Nature notes from our neck of the Hackney woods. On Friday morning I was settling down on a bench by our communal ornamental pond to read the irresistible article on rats in the LRB. The sun was gentle and the birds were singing. I'd barely read a paragraph before I heard them. Rutting amphibians. There they were, gangbanging away mid rolling hillocks of spawn. Neighbour Rachel came out to get me to sign a petition, and being herself an outdoorsy sort (I'm a card-carrying townie) confirmed they were toads.
See how vile they are.
It's not the sex I object to, in point of fact some hours later I witnessed another riotous reproductive assembly, this time in the park pond, that was stirring and life-affirming. On a log, six or seven terrapins or whatever they are were basking, and the couple nearer to the fence, drunk on the sunshine, were doing what comes naturally. Four teenage boys came riding by and stopped to look, and their leader said, "Oh, man...They's humpin' man..."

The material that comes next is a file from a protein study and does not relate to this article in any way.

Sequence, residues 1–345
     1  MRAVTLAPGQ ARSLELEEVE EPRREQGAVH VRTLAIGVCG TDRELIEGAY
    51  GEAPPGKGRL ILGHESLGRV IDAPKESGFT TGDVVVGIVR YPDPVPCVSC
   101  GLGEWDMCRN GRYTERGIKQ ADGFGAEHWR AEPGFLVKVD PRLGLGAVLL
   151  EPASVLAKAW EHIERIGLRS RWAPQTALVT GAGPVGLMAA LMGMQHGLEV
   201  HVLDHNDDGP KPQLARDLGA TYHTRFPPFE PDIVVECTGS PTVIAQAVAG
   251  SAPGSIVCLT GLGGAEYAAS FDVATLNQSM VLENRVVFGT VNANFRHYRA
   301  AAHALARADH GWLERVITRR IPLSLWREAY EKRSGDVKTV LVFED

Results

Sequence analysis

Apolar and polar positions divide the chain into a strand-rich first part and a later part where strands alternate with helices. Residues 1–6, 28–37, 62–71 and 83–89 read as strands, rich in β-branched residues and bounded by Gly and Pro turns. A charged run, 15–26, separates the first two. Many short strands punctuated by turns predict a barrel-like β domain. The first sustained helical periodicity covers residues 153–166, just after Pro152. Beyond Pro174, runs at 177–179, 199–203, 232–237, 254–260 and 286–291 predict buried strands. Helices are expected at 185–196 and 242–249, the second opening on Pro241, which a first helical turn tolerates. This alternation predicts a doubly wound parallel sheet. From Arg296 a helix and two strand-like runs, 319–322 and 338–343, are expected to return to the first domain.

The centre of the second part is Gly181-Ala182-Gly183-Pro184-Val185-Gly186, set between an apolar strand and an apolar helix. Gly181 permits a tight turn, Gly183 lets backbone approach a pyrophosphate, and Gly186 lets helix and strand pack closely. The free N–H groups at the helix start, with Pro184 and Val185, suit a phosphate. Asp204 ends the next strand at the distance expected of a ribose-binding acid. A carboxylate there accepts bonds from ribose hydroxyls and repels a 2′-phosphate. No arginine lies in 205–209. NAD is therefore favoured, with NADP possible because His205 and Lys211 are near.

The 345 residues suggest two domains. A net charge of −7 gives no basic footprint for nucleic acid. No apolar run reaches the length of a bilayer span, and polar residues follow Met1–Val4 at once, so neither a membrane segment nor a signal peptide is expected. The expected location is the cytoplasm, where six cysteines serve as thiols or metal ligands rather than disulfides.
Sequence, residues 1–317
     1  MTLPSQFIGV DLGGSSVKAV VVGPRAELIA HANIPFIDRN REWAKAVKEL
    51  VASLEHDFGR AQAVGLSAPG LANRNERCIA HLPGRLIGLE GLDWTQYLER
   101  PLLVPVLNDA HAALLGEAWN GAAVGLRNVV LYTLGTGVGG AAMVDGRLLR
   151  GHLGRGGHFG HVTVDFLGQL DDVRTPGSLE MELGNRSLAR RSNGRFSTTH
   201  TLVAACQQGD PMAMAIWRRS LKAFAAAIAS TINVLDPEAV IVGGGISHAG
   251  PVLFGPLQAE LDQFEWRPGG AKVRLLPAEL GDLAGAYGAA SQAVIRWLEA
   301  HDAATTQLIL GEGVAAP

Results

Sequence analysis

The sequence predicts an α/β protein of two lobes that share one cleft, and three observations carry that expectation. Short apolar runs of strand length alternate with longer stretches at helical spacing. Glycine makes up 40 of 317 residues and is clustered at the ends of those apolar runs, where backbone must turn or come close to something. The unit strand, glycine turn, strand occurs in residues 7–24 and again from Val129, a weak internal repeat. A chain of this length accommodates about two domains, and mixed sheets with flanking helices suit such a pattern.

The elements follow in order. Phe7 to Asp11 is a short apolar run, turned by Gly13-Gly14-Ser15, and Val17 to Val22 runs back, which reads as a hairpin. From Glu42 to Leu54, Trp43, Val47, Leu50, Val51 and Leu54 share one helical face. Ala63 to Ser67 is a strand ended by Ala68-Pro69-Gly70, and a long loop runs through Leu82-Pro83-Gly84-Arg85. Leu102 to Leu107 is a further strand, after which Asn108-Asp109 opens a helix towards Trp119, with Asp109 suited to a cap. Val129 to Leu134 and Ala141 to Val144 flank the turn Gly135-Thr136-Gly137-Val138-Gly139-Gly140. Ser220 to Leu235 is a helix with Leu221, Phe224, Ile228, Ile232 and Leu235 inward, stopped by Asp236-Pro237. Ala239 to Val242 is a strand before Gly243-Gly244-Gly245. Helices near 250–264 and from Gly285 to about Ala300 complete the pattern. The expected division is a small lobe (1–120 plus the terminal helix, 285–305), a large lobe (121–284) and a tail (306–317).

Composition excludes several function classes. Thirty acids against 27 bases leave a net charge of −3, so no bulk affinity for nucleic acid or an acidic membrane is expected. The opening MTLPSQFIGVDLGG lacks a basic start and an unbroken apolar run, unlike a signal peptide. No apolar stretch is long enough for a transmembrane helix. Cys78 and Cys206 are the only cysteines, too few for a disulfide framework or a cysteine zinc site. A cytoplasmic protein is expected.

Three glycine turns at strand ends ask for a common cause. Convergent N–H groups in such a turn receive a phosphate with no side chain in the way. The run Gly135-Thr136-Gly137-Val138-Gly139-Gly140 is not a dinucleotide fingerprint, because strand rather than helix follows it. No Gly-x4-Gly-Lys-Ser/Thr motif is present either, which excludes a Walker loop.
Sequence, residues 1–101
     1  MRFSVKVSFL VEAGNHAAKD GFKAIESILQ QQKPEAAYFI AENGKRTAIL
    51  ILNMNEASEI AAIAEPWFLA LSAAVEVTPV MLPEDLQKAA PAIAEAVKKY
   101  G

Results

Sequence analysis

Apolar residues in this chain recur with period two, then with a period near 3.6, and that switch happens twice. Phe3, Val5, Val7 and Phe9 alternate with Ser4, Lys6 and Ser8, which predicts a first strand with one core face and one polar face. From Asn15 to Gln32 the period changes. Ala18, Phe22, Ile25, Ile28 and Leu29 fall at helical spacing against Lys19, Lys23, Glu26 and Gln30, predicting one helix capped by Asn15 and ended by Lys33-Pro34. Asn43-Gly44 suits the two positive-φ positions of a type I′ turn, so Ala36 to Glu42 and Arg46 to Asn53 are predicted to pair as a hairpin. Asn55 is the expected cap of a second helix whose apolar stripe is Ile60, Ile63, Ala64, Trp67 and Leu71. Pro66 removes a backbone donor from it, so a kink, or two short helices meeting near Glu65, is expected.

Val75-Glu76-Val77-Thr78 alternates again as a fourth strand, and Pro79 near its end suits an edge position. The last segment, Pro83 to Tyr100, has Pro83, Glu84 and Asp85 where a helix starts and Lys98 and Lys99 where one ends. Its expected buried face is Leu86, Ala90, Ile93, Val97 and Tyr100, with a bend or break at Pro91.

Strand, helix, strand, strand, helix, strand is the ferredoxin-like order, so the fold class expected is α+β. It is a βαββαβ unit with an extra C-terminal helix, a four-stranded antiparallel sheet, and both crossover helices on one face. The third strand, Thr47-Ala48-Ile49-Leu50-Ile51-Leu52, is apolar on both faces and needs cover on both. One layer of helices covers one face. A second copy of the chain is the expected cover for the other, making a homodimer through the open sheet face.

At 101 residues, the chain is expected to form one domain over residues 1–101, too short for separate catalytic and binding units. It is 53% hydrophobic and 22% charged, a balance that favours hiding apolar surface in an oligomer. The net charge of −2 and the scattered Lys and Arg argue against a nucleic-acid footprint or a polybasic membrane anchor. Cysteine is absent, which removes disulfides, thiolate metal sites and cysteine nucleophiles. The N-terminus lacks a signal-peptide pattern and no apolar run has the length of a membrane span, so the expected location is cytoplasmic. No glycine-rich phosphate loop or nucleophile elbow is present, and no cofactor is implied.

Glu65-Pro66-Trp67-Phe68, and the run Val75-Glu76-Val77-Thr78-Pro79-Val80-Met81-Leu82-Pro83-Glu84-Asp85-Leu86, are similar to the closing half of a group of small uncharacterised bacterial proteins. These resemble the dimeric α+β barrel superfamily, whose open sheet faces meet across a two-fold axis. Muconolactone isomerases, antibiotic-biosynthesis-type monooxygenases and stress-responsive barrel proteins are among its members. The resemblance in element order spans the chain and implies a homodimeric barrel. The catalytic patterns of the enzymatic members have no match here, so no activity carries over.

A perfect pause, while we all gawped.
Then the boy said, "Yeah man, they is gettin busy."
And yes, on Friday night I went to Soho to see Midwinter by Zinnie Harris. I'm a glutton for punishment, clearly. Postapocalypse, dystopian, horrific. And there's a scene where a child is beaten up. Oy vey. Comparisons with the other two shockers I've seen recently would obviously be odious, as ZH is barking up a different tree. Or is she? I suppose Mercury Fur was as much about what happens to loyalty and social bonds in extremis, the picking apart of the ties that bind, as anything else. And Midwinter seems to be about all those things too, as well as the flux of relationships and the ravages of time. The play, though, as lived on Friday night, was for me a puzzlingly distant thing, like there was a forcefield up. It may be the actors had lost something as they came to the home straight of the run. It may be I'm prickly about the violence and children thing. It may be I'm trying to write my own war play. I just don't know.